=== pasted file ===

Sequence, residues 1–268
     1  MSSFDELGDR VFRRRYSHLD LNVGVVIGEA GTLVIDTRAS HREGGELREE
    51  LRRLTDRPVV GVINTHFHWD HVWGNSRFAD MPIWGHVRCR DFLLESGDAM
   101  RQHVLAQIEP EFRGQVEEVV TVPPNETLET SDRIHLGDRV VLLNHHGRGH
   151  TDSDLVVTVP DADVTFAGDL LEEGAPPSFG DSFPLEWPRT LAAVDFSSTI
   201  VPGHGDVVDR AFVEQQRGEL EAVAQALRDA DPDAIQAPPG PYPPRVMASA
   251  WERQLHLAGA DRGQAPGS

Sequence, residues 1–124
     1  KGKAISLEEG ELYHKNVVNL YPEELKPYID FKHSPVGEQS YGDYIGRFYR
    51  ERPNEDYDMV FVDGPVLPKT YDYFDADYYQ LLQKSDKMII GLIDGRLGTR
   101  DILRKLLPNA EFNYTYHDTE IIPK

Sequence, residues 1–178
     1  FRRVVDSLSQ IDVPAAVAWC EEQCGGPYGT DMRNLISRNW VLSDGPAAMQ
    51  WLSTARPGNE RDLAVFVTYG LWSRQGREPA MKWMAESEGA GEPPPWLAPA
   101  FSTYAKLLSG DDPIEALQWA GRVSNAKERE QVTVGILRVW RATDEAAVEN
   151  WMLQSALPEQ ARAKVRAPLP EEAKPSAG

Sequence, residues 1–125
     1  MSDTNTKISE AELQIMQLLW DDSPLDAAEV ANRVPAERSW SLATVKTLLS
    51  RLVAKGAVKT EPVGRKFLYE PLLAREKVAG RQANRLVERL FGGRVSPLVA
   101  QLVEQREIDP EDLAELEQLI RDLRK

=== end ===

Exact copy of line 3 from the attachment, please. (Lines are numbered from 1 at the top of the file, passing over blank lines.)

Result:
    51  LRRLTDRPVV GVINTHFHWD HVWGNSRFAD MPIWGHVRCR DFLLESGDAM